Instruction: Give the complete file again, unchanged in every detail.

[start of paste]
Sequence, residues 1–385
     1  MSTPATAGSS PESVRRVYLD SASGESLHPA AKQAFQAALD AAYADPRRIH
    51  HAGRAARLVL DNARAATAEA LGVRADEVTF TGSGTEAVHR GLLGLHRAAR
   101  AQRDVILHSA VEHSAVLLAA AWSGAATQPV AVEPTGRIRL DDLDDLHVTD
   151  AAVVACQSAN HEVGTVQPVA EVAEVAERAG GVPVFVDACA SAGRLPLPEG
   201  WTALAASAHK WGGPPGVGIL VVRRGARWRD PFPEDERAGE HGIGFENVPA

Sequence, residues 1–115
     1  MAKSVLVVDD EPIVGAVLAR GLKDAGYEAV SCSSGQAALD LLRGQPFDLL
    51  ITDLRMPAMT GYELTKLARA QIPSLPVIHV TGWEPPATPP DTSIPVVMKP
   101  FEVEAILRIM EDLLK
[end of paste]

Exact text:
Sequence, residues 1–385
     1  MSTPATAGSS PESVRRVYLD SASGESLHPA AKQAFQAALD AAYADPRRIH
    51  HAGRAARLVL DNARAATAEA LGVRADEVTF TGSGTEAVHR GLLGLHRAAR
   101  AQRDVILHSA VEHSAVLLAA AWSGAATQPV AVEPTGRIRL DDLDDLHVTD
   151  AAVVACQSAN HEVGTVQPVA EVAEVAERAG GVPVFVDACA SAGRLPLPEG
   201  WTALAASAHK WGGPPGVGIL VVRRGARWRD PFPEDERAGE HGIGFENVPA

Sequence, residues 1–115
     1  MAKSVLVVDD EPIVGAVLAR GLKDAGYEAV SCSSGQAALD LLRGQPFDLL
    51  ITDLRMPAMT GYELTKLARA QIPSLPVIHV TGWEPPATPP DTSIPVVMKP
   101  FEVEAILRIM EDLLK